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Journal Article

Climatic fluctuations modeled for carbon and sulfur emissions from end-Triassic volcanism


Landwehrs,  Jan Philip
Potsdam Institute for Climate Impact Research;


Feulner,  Georg
Potsdam Institute for Climate Impact Research;


Hofmann,  Matthias
Potsdam Institute for Climate Impact Research;


Petri,  Stefan
Potsdam Institute for Climate Impact Research;

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Landwehrs, J. P., Feulner, G., Hofmann, M., Petri, S. (2020): Climatic fluctuations modeled for carbon and sulfur emissions from end-Triassic volcanism. - Earth and Planetary Science Letters, 537, 116174.

Cite as: https://publications.pik-potsdam.de/pubman/item/item_23913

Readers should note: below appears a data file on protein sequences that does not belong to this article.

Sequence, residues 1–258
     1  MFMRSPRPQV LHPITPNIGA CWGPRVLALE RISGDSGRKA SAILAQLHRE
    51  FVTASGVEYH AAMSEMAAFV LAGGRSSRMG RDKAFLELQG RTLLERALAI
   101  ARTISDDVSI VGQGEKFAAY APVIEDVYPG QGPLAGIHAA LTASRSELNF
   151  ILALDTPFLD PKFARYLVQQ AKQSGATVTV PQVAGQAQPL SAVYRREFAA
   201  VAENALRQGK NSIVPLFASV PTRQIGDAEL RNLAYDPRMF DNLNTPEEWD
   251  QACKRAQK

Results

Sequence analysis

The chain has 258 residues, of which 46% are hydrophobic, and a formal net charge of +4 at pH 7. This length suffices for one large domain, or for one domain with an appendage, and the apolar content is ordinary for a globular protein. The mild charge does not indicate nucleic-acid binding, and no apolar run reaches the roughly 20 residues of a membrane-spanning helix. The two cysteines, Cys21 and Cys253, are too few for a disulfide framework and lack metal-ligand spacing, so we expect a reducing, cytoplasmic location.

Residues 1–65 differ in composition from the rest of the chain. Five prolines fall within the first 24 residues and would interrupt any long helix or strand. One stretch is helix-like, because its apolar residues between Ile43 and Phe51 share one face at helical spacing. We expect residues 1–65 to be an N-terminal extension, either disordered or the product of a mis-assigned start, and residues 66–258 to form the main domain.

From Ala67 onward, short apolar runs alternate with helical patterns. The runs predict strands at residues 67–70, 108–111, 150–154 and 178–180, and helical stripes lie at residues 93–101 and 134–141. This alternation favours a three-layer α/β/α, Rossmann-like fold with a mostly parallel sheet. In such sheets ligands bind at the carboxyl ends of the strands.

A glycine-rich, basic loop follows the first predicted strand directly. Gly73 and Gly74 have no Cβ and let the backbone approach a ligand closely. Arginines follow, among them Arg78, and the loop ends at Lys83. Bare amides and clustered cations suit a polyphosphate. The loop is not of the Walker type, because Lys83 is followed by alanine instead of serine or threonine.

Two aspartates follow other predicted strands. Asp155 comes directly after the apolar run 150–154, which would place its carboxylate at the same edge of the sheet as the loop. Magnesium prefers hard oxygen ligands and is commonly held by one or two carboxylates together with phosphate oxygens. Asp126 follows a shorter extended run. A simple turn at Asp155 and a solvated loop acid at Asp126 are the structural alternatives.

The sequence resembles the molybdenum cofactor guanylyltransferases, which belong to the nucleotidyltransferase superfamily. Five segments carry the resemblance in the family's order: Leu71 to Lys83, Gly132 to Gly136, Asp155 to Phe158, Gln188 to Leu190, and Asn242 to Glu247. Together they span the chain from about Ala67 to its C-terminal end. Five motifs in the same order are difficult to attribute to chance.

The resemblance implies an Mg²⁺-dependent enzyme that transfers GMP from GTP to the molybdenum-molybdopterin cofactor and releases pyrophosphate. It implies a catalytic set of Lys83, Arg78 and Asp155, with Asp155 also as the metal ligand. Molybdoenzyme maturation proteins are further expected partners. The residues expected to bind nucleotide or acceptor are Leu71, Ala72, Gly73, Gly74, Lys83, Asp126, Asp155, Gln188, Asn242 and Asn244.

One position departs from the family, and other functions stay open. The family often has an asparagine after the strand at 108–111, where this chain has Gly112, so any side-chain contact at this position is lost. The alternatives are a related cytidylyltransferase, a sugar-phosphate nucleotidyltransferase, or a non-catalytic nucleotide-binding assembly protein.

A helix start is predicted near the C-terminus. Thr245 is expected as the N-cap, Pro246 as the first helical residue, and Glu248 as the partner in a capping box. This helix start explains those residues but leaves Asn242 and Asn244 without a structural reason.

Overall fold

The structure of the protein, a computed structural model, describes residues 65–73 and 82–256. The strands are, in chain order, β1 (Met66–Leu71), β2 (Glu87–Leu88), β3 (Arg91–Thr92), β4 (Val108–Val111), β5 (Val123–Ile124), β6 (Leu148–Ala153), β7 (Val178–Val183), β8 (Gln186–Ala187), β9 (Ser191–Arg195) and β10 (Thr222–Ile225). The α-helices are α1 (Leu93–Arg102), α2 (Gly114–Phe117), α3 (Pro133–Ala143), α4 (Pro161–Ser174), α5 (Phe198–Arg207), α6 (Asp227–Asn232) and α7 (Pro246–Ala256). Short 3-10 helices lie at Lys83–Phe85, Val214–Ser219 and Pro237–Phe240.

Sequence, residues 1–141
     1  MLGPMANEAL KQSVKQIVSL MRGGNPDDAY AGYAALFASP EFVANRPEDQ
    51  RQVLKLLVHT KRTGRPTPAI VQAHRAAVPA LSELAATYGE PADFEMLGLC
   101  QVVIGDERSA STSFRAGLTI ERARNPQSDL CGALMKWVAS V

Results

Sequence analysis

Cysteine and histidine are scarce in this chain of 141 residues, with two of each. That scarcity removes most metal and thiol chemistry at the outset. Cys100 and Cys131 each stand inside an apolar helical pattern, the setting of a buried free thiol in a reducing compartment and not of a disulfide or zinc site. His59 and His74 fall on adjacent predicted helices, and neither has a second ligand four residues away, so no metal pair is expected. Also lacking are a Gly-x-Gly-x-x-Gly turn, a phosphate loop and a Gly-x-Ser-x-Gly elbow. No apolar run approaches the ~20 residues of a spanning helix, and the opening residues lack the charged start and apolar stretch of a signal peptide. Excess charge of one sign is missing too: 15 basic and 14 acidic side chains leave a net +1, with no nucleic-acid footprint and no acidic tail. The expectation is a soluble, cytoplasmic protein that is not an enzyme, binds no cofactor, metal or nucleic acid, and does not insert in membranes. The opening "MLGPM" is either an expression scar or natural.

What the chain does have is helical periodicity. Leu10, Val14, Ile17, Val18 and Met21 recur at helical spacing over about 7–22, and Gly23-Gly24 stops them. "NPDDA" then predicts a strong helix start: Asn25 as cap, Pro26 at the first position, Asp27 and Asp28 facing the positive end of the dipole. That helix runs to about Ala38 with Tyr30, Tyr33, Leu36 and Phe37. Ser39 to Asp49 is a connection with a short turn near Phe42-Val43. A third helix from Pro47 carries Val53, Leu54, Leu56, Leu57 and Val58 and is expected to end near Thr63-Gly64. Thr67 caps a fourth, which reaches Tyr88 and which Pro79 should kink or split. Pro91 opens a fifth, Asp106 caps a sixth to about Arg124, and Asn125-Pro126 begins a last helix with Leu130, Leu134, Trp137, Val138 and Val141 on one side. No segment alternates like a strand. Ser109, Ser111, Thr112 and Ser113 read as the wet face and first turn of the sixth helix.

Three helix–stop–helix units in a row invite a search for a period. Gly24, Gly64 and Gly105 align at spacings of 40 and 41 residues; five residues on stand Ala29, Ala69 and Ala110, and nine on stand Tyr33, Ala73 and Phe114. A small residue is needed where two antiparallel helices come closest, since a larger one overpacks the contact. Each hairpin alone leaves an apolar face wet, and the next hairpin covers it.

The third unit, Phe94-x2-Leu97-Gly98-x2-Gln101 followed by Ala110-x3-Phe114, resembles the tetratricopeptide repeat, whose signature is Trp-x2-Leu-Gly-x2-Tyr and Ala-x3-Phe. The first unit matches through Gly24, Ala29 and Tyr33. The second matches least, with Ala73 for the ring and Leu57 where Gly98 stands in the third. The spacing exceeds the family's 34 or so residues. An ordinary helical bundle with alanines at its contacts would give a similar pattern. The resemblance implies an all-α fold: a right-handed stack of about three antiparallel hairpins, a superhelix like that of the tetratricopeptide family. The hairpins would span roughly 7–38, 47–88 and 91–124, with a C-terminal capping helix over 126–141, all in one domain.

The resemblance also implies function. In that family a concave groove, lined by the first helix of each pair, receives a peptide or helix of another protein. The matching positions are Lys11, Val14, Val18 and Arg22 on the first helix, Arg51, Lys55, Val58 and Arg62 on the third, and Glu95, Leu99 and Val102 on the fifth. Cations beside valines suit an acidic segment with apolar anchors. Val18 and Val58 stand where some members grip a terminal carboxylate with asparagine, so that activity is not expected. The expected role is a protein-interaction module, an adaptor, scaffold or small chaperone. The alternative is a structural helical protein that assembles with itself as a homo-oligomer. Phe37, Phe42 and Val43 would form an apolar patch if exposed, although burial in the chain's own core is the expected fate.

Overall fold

Throughout the history of complex life, Earth's climate and biogeochemical cycles have been perturbed by Large Igneous Province (LIP) volcanism, with several LIP episodes correlating with major mass extinction events. Yet many aspects of the interplay between geological, climatic and ecological processes in the Earth System during these times of global upheaval remain poorly understood. This study focuses on the Central Atlantic Magmatic Province and the associated extinction event in the latest Triassic, about 201 million years ago. Although climate and carbon cycle models successfully reproduce aspects of the end-Triassic environmental changes, many questions regarding the causal and temporal relations behind them remain unresolved. Here, we report an effort to model and quantify the dynamic response of the Earth System to short pulses of volcanogenic volatile emissions for an ensemble of emission scenarios. For the first time in the context of the end-Triassic events, this is done with a coupled climate model and under consideration of both carbon and sulfur emissions. Tested are pulses with ∼1−6 kyr duration during which 2500 - 7500 GtC are emitted and 0 - 500 GtS form stratospheric sulfate aerosols. The simultaneous emission of carbon and sulfur during one pulse of volcanic activity causes climatic fluctuations on annual to millennial timescales: A sequence of transient global cooling and subsequent sustained warming, overprinted with high interannual variability. The simulated maximum global warming ranges from +1.8 to +4.4 °C, while the amplitude of cooling is considerably higher in the upper range of the tested sulfur emission scenarios. The magnitude of temperature change varies regionally, being lowest in the Tethys realm. Changes in steric sea level (∼1−3 m) and ocean overturning strength, a surface ocean pH decrease (∼0.2−0.4) and a drop of the carbonate saturation especially in the Tethys are also obtained from the simulations during each emission pulse. By evaluating the simulated temperature changes against thermal tolerance limits of stony corals in a simplified manner, we find that these are not clearly transgressed on a global scale in the simulated warming scenarios. However, the climatic variability potentially introduced by the volcanic forcing would have represented significant stress for marine organisms. This study represents a significant step towards integrating multiple volcanic forcing mechanisms and environmental response processes in space and time to yield a more complete picture of impacts of CAMP volcanism and LIPs in general.